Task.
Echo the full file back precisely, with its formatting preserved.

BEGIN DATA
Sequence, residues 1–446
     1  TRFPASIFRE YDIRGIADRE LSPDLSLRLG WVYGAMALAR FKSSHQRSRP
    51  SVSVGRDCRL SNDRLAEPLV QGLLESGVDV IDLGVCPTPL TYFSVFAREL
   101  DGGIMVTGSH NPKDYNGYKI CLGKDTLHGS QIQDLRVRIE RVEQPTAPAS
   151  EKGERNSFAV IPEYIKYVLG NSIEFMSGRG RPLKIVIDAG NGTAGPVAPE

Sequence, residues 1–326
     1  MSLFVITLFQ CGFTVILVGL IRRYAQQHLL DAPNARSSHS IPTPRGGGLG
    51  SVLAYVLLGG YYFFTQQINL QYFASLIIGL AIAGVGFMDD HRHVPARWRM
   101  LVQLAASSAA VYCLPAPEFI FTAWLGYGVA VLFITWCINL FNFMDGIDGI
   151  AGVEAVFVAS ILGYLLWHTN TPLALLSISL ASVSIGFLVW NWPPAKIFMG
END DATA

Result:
Sequence, residues 1–446
     1  TRFPASIFRE YDIRGIADRE LSPDLSLRLG WVYGAMALAR FKSSHQRSRP
    51  SVSVGRDCRL SNDRLAEPLV QGLLESGVDV IDLGVCPTPL TYFSVFAREL
   101  DGGIMVTGSH NPKDYNGYKI CLGKDTLHGS QIQDLRVRIE RVEQPTAPAS
   151  EKGERNSFAV IPEYIKYVLG NSIEFMSGRG RPLKIVIDAG NGTAGPVAPE

Sequence, residues 1–326
     1  MSLFVITLFQ CGFTVILVGL IRRYAQQHLL DAPNARSSHS IPTPRGGGLG
    51  SVLAYVLLGG YYFFTQQINL QYFASLIIGL AIAGVGFMDD HRHVPARWRM
   101  LVQLAASSAA VYCLPAPEFI FTAWLGYGVA VLFITWCINL FNFMDGIDGI
   151  AGVEAVFVAS ILGYLLWHTN TPLALLSISL ASVSIGFLVW NWPPAKIFMG